Thursday 2 April, 2020

BARJAM to establish fund to assist members of media

The Barbados Association of Journalists and Media Workers (BARJAM) has announced a number of plans as part of their 2020 agenda, one of which includes a benevolent fund to assist media members who require financial assistance during times of illness. 

The information was revealed in the association’s New Year message by President Emmanuel Joseph.

Below is the full text of the New Year's message:

My fellow Barbadians and media colleagues in particular, it is with a sense of optimism that I address you at this moment in time as we usher in a new year with its likely challenges and opportunities. Needless to say, 2019 was a tough year not only for the country, but for the media fraternity especially, having lost some of our most beloved veteran media professionals in Harold Hoyte, Vere Walcott, Veoma Ali and Antonio Miller.

I can assure you that their memories will not be buried in the dust to which they are gone. The Barbados Association of Journalists and Media Workers (BARJAM) will find fitting ways to immortalize their life’s work.

As the year 2020 unfolds before us, BARJAM will intensify its efforts to raise the level of professionalism and capacity of our members to carry out their duties. Our focus will be in a number of key areas such as training and re-training, promoting a sense of integrity, rewarding practitioners for exceptional work done and putting a programme in place which would cater to the financial, material, social and emotional needs of members who fall on hard times.

The Board of BARJAM has agreed for example, to establish a Benevolent Fund which would assist members experiencing medical crises and are unable to pay their bills. We will also be examining initiatives which would allow us to provide counselling and emotional support for bereaved media professionals whose have lost loved ones. I will go further and announce that only recently a bereavement expert reached out to me with a view to assisting BARJAM in also conducting workshops for members who cover tragic events, so as to help us better manage the emotional fallout and provide best practices in approaching sorrowing families while still being able to get the story.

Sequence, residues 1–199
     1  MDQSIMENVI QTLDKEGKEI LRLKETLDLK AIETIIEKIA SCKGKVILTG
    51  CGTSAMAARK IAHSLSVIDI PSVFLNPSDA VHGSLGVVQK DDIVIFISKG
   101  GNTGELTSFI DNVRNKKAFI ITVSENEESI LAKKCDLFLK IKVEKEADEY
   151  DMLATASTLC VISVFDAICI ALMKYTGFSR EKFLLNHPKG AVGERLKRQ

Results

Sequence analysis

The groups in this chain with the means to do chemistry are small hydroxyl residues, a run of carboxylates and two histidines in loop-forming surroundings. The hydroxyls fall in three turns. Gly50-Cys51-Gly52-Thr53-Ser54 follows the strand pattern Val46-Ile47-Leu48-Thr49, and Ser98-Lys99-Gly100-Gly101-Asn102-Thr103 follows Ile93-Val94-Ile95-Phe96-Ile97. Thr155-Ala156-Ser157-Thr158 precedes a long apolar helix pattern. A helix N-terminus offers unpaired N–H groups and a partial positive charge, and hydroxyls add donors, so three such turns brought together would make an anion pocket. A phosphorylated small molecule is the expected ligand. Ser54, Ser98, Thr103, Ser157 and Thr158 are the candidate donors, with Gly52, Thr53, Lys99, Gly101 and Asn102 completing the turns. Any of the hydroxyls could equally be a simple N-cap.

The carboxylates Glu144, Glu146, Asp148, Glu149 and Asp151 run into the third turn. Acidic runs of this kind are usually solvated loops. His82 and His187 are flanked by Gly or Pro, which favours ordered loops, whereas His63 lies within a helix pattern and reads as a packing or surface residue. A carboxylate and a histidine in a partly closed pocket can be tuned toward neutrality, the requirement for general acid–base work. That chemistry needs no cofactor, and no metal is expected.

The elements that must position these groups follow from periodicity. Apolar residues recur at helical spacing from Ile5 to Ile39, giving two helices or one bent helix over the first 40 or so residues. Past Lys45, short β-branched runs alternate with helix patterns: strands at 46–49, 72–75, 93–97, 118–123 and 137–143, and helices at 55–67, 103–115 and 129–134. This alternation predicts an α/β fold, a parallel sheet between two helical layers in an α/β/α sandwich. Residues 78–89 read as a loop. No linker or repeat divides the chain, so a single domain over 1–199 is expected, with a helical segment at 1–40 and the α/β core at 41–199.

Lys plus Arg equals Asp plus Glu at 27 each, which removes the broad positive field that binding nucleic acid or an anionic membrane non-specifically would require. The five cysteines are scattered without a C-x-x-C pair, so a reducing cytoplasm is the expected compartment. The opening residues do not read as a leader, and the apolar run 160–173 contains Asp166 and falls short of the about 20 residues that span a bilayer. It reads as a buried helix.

I think this is great opportunity especially for those media workers who tend to “specialise” in covering deaths. Even though we are taught not to allow our emotions to get in the way of our reporting, we are still human beings with families of our own.

On another note, I would like to see that Freedom of Information Bill go before Parliament in 2020. I am aware that the Government has been pushing ahead with its suite of integrity legislation and the Freedom of Information Bill would be a fitting climax in the coming year. In fact, I am urging the Government to even take the bold step – as now exists in the United States- to enshrine in our Constitution the citizens’ right to know where access to “public interest “information is no longer a mere discretion of those public officers who hold it close to their chests like it were their personal bed room business.

A Free Press can only help to strengthen our democracy in which we take so much pride. Now, don’t get me wrong, I am well aware that with freedom comes responsibility and that there is a line which has to be drawn when it comes to access to information. That is a no-brainer. But right now, there is too much bureaucracy and legal or self-imposed blockages standing in the way of media practitioners getting information from Government agencies and their technocrats.

The frustrating thing about it is that more often than not, it is basic information that tax payers need to know. The situation even makes you angry to think that many of these public officers – and private sector officials as well – either can’t take your call now and do not respond to your messages; bluntly refuse to talk; give you the run-around or in some cases tell you “there is no story, so why are you calling me.” But when they have information they believe makes them look good, the same media practitioners who they treated with scorn suddenly become the greatest asset. This must stop! We all have critical roles to play in this democracy and we would do well if we worked together and cooperate as far as practicable.

We expect great things to happen in 2020 for media professionals as we hold high our motto which says that “BARJAM is your eyes, your ears, your voice”. As Barbadians and friends of Barbados gather here in 2020, we in the media fraternity will continue to gather our plans and unfold them for your benefit. I conclude by reminding you of our mission and vision statement.

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